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Holding onto voices: Reasons and ways to record people's stories

I have in my cabinet a set of cassette tapes that hold three-days-worth of my grandmother telling stories, and I'm slowly transferring them to mp3 files and transcribing them. I made these recordings for a grad school assignment. My dad and I sat in the kitchen with my grandparents, and Grandma told stories about her life. It has been 30 years since I made those recordings, and both of my grandparents are long gone. Listening to those tapes, though, and hearing my grandma and all of us telling stories and laughing and questioning is wonderful. This is the type of family history that needs to be captured and put into a form for my kids and my grandkids and so on.

In these days of electronic communication and distraction, sharing stories is too often reduced to momentary interaction and fleeting focus. We might have time to talk with each other while driving somewhere, but often during a drive we are looking at our phones or watching a movie on the van’s drop-down screen or a tablet. We’re multi-tasking, we tell ourselves, but we also don’t hold onto the moment itself. Holiday get-togethers or weekly extended family meals might be times to ask the older people in our lives about their days or prompt someone to repeat a story everyone already knows. At the time forgetting these stories can seem impossible, but they often are lost without someone writing the stories down or recording the conversations.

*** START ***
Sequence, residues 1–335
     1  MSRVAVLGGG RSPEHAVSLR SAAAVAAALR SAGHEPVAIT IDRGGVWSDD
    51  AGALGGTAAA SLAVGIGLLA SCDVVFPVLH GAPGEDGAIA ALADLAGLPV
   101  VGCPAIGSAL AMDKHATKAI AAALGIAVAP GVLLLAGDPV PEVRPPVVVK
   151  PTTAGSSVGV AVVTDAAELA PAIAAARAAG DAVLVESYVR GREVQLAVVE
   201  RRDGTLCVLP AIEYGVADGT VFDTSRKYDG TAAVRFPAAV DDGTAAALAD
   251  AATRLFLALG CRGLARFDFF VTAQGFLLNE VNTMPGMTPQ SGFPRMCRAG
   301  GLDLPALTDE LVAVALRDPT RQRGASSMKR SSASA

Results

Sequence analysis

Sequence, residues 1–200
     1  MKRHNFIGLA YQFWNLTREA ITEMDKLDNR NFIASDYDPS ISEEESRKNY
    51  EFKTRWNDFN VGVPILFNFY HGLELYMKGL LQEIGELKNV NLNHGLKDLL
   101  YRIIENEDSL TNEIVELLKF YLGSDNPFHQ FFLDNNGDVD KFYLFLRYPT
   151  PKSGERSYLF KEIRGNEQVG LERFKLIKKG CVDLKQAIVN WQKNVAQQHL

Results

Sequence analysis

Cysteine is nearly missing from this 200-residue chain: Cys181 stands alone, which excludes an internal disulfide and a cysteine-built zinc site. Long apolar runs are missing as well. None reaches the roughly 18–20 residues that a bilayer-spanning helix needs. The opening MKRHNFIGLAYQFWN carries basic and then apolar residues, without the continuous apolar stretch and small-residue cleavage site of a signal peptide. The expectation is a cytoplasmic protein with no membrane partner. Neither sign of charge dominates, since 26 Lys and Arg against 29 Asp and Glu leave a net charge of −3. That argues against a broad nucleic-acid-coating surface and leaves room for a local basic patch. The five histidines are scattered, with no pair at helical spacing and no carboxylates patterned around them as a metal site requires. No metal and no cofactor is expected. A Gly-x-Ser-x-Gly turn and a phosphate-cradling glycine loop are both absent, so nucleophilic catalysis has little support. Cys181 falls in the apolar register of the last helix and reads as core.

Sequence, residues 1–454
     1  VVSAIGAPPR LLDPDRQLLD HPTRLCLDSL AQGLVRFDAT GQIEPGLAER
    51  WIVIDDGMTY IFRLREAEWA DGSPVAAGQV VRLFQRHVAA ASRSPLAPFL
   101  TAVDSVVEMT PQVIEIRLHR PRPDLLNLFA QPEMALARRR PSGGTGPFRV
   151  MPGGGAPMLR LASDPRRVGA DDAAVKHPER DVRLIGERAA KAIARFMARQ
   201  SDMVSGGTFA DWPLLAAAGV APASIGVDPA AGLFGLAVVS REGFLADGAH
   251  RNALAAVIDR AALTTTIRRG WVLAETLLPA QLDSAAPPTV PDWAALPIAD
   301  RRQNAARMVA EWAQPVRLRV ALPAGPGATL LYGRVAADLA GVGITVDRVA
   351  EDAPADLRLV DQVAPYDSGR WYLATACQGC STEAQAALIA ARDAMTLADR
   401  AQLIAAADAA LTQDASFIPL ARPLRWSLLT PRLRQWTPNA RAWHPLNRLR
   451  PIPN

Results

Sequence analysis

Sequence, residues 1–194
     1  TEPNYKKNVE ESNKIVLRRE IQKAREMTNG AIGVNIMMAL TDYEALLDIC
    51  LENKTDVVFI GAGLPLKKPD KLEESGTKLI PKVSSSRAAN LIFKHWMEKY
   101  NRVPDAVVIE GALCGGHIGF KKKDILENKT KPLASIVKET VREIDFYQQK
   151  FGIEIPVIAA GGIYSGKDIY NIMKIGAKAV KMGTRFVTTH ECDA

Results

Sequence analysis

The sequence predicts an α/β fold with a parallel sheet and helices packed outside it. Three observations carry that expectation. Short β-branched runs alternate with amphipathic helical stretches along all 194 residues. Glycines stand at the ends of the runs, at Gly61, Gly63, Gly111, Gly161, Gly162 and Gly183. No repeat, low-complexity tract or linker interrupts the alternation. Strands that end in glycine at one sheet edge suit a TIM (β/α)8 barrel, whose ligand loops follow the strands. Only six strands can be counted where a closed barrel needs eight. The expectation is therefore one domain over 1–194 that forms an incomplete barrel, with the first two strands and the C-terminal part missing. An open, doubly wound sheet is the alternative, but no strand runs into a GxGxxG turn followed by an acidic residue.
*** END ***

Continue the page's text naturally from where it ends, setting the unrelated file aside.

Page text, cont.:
This week is Thanksgiving and many people will be visiting family. Others might be gathered with friends or helping at soup kitchens or sitting with one’s memories of people who aren’t here this year. Most people don’t have class assignments to encourage them to record stories, so around the holidays are the times for capturing stories.

It isn’t too difficult. Let people know that you want to collect stories, and then as people talk, set your phone on record. There are apps that can be downloaded to your phone that will record voices as well as a separate voice recorder, and people are so used to seeing phones sitting on tables that you are less likely to distract your speakers. If you are writing, listen closely and try to capture the story’s essence. It’s not necessary to get a tale word-for-word in the moment, but make sure you find time alone soon afterwards to fill in what you heard.

When helping at a service event, the stories won’t necessarily be family ones, but you can encourage people to talk with questions you might consider asking family members. Be willing to share your own answers to those questions; it is the give and take that allows someone to share. Especially when asking a person who is alone about his or her life adds to a meal a feeling of worth and gives your own stories a connection to others. It is the same as the effect of sharing stories around a family dinner table or sitting together with friends at a restaurant. If you are sitting with memories alone or after losing someone important, capture those memories. Write down the stories of being with that person for future generations of family and friends.

The transcribing of the recordings or the turning of notes into a narrative is the next step. At this point, it might be worth hiring someone to do that polish and put those stories into publishable form. At the very least, though, if you have the recordings, take the time to transfer them from your phone or other device to mp3 files so you have them later. In that form, it’s possible to give copies to the family or friends or even a local library or historical society. That’s a keepsake whose worth is immeasurable.

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